Archaeologists dig Jiroft for more inscriptions

November 7, 2007 - 0:0

TEHRAN -- A team of archaeologists led by Yusef Majidzadeh returned to Jiroft yesterday in order to renew digs of the 5000-year-old site in the hope of finding further artifacts bearing inscriptions.

The team was accompanied for this excavation season by several French and Italian archaeologists along with a number of Iranian students.
During the past five phases of excavation Majidzadeh’s previous team had discovered four brick inscriptions which they unearthed in one of the present-day villager’s homes. Majidzadeh hopes to find another collection of brick inscriptions at the site.
Located next to the Halil-Rud River in the southern Iranian province of Kerman, Jiroft came into the spotlight nearly six years ago when reports surfaced of extensive illegal excavations being carried out by local people who went on to plunder priceless historical items.
Since 2002, Professor Majidzadeh has conducted five excavation seasons leading to the discovery of a ziggurat made of more than four million mud bricks dating back to circa 2200 BC.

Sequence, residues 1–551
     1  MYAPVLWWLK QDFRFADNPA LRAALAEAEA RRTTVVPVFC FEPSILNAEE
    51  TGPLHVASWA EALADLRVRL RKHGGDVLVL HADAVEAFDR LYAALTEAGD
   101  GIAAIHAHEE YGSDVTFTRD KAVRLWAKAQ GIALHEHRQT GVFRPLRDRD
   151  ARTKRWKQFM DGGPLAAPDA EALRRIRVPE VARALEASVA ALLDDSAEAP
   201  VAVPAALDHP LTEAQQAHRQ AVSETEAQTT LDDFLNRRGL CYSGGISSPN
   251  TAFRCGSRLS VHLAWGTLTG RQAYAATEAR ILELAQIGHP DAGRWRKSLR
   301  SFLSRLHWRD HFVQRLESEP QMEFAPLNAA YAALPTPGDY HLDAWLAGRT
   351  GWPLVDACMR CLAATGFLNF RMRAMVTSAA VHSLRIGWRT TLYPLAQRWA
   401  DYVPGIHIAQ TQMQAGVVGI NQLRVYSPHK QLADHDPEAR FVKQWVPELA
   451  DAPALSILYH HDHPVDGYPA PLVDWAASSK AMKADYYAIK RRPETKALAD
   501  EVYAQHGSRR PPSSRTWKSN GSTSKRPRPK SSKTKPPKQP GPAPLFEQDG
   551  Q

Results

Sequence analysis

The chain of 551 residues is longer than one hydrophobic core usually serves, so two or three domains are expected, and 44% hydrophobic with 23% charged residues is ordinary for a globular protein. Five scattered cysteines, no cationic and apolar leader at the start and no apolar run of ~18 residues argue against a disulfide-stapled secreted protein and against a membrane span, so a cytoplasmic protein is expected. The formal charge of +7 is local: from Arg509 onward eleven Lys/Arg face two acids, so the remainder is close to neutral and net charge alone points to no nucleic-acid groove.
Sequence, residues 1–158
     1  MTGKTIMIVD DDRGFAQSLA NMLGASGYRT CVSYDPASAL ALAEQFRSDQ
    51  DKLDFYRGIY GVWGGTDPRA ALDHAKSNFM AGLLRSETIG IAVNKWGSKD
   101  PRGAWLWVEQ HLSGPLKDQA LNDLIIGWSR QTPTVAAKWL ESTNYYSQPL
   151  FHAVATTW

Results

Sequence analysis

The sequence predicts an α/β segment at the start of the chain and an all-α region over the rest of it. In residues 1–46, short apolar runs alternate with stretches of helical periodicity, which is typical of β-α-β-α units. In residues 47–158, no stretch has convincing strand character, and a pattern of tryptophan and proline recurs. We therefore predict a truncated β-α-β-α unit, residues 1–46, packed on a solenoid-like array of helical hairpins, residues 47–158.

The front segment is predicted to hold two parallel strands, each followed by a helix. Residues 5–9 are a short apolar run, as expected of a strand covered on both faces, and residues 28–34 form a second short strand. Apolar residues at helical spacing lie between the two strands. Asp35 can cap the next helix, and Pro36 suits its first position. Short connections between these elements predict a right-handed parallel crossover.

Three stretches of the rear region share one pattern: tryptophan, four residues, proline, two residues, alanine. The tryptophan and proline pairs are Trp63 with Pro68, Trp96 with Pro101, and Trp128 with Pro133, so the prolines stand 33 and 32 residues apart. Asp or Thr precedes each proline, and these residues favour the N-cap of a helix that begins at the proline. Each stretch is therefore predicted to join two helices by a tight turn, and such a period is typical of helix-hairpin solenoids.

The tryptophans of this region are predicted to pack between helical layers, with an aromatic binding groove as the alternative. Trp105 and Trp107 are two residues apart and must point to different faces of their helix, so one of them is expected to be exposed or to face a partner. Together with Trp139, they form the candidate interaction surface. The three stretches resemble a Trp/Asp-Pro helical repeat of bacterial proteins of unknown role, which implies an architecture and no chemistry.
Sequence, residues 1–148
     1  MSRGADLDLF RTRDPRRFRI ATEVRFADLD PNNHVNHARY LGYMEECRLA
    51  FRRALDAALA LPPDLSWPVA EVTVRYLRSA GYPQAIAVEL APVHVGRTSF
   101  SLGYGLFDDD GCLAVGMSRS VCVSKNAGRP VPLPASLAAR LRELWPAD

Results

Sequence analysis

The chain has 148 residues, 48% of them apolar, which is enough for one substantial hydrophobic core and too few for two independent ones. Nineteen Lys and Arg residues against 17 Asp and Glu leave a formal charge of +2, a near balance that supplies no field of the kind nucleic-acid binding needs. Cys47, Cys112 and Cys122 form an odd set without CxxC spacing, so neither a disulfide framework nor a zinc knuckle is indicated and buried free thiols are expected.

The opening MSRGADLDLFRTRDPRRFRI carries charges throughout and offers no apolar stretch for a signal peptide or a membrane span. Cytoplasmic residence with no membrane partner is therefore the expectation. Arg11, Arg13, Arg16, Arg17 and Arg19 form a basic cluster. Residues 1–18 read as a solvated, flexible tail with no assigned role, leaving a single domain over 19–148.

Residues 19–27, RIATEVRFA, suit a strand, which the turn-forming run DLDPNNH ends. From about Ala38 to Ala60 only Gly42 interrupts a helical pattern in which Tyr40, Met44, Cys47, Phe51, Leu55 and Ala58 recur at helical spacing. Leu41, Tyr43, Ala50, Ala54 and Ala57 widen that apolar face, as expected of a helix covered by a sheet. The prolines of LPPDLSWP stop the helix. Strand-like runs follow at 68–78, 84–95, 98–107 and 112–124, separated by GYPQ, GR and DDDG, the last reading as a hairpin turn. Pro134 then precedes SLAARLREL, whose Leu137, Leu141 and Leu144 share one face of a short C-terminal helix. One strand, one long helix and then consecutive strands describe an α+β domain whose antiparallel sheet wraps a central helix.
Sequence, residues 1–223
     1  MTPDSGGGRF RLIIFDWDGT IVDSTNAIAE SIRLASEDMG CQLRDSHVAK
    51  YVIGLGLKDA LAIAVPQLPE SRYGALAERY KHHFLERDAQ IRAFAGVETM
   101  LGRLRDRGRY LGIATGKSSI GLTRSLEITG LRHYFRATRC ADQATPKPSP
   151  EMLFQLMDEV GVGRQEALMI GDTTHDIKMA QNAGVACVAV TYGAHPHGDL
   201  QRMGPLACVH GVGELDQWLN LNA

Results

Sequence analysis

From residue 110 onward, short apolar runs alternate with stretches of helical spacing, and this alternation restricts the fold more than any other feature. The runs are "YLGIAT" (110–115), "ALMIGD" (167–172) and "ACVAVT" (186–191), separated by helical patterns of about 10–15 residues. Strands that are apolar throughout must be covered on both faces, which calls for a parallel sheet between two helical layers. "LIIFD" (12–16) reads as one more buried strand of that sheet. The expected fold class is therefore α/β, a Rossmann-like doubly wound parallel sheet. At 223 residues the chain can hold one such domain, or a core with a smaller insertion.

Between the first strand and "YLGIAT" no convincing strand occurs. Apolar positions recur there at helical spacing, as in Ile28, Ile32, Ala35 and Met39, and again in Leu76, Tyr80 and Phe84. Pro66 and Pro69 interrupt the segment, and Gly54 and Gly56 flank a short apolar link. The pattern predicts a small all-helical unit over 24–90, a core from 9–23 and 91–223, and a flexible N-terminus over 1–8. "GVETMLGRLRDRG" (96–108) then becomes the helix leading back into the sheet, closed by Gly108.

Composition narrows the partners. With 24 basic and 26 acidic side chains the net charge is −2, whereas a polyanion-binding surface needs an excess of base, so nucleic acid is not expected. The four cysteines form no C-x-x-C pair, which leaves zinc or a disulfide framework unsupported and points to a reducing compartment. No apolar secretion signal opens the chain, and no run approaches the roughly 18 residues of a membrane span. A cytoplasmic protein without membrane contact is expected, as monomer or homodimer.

Many ancient ruins and interesting artifacts have been retrieved by archaeologists from the ancient site of Jiroft, which is known as the “archeologists lost heaven”.
After numerous unique discoveries had been made in the region, Majidzadeh declared Jiroft to be the cradle of art. Many scholars questioned this theory due to the fact that no writings had been discovered at the site, but shortly afterwards his team discovered inscriptions at the Konar-Sandal Ziggurat, which caused experts to reconsider their views on Jiroft.
The Konar-Sandal inscriptions are older than the Inshushinak inscription, thus it seems that the recently discovered inscriptions link the Proto Elamite script (first appeared circa 2900 BC in Susa) with the Old Elamite scripts (used between about 2250 and 2220 BC).
Many Iranian and foreign experts consider the Jiroft findings to be evidence of the former existence of a civilization as great as that of Sumer or ancient Mesopotamia. Majidzadeh believes that Jiroft is the ancient city of Aratta, which was described in a Sumerian clay inscription as an impressive civilization. In December 2007, he suggested that archaeologists use the term Proto-Iranian instead of Proto-Elamite for the pre-cuneiform script found at several sites.
He argued that the inscriptions recently discovered at Konar-Sandal and at some other ancient sites in Iran are older than the oldest inscriptions, such as the Inshushinak, found at Elamite sites